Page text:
ª 2011 The Authors Aging Cell ª 2011 Blackwell Publishing Ltd/Anatomical Society of Great Britain and Ireland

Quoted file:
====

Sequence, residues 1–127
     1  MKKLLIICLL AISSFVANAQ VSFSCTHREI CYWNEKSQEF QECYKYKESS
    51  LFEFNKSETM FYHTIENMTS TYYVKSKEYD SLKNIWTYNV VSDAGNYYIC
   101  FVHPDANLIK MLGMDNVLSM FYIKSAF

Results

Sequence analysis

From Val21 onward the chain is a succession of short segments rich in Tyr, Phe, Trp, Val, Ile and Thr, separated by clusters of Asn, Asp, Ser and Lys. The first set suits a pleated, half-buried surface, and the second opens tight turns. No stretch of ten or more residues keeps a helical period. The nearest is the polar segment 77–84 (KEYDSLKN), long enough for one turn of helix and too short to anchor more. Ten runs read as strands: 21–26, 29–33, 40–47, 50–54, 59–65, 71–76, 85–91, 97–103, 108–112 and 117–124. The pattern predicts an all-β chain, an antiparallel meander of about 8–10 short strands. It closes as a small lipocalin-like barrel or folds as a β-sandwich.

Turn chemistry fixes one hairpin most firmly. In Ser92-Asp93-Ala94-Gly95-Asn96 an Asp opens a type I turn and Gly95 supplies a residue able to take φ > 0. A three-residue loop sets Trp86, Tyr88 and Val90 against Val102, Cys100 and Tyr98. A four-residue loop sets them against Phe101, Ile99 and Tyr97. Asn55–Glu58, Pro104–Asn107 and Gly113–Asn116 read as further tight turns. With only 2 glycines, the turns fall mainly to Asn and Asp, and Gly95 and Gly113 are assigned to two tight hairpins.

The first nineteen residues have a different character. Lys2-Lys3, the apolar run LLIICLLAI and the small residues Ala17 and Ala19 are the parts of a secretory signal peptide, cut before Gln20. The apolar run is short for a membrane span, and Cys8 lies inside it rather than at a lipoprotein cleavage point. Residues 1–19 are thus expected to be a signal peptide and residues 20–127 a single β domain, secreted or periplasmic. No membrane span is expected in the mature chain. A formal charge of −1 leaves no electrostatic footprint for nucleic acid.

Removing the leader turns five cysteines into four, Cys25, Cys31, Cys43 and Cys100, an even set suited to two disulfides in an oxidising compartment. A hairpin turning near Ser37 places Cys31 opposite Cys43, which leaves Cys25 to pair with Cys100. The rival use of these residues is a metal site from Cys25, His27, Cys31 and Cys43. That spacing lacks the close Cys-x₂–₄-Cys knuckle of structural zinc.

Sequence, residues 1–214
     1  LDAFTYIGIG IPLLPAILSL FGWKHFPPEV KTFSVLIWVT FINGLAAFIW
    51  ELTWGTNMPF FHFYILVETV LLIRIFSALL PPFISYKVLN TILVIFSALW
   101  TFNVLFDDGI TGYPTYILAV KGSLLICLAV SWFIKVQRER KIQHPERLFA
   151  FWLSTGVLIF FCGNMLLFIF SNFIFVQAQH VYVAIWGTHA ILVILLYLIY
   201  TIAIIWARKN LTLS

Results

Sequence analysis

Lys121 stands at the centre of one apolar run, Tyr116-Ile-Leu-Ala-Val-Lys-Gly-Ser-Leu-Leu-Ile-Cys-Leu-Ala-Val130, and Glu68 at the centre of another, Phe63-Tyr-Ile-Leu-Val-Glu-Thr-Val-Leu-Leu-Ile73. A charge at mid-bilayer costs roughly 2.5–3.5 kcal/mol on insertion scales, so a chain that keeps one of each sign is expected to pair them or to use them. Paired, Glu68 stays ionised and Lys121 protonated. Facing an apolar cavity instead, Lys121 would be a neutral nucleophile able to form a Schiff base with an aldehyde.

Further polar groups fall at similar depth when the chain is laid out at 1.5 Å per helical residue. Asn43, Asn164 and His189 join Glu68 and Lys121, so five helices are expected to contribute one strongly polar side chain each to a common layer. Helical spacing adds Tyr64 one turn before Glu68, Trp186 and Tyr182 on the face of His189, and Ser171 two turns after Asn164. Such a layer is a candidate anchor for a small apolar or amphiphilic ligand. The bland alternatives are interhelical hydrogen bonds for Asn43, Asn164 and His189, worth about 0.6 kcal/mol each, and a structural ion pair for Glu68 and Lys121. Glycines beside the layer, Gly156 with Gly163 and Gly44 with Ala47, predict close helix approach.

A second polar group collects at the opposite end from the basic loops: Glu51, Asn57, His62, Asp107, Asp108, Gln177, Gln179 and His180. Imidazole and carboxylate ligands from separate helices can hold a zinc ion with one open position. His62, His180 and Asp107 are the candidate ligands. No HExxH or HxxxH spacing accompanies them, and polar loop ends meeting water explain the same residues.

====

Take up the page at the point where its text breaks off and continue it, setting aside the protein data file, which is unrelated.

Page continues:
790 Senescence by lamin A ⁄ C depletion, O. Moiseeva et al. inhibitors, which require Rb for their actions (Nitta et al., 2006). Also, fibroblasts from patients with HGPS are characterized by a hyperproliferative phenotype that is accompanied by increased cell death (Bridger & Kill, 2004). In contrast to these studies, it has been shown that depletion of lamin A ⁄ C, or its partner in the nucleoplasm LAP2a, leads to G1 cell cycle arrest in normal human fibroblasts (Pekovic et al., 2007). Since to date there is no explanation for these discrepancies, we decided to investigate the response of normal human fibroblasts to A-type lamin depletion using shRNAs. Depletion of lamin A ⁄ C led to a reduction in Rb and p107 (Fig. 1A) as previously reported (Johnson et al., 2004; Nitta et al., 2006). We also observed a reduction in the Rb-related pocket p130 by immunofluorescence in the nuclear compartment (Fig. 1B), but we could not clearly visualize this protein in immunoblots using two different antibodies. Despite the marked downregulation of the Rb family of proteins, cells expressing shRNA against lamin A ⁄ C exhibited a pronounced proliferation defect (Fig. 1C). This proliferation defect could be the result of an intrinsic inability of lamin A ⁄ C-depleted cells to proliferate. Alternatively, cells can sense lamin defects and activate a checkpoint pathway as it happens after DNA damage. We noticed that a significant fraction of cells expressing shRNA against A-type lamins developed a flat morphology (Fig. 2A) typical of cellular senescence, which is a cellular programmed response to short telomeres, oncogene activation, or persistent DNA damage (Mallette & Ferbeyre, 2007; Yaswen & Campisi, 2007). Consistent with the appearance of this phenotype, lamin A ⁄ C knockdown led to the accumulation of senescence markers such as the senescence-associated b-galactosidase (SA-bGal) (Fig. 2A) and the CDK inhibitor p21 (Fig. 2B). Another marker of the senescence state, the accumulation of Promyelocytic leukemia (PML) bodies (Ferbeyre et al., 2000), was also observed in lamin A ⁄ C-depleted cells (Fig. 2C). Intriguingly, some of these cells displayed abnormal PML body distribution, with some PML bodies colocalizing with the nuclear envelope or clustered in the nucleus (Fig. 2C). These atypical PML bodies are reminiscent of those observed in embryonic stem cells (Butler et al., 2009) where lamin A ⁄ C expression is also low (Pajerowski et al., 2007). Taken together, the data suggest lamin A ⁄ C knockdown leads to a proliferation arrest with features of cellular senescence in the absence of Rb and p107 and a reduction in the levels of p130 in the nucleus. An shRNA against p130 (Chicas et al., 2010) did not rescue the proliferation defect and senescent traits induced by lamin A ⁄ C depletion (Fig. S1A–C). We thus conclude that lamin A ⁄ C depletion leads to cell cycle arrest and senescence in cells with a significant deficiency in the Rb family. To further characterize the mechanisms by which lamin A ⁄ C knockdown leads to cell cycle arrest, we looked at additional markers of activa-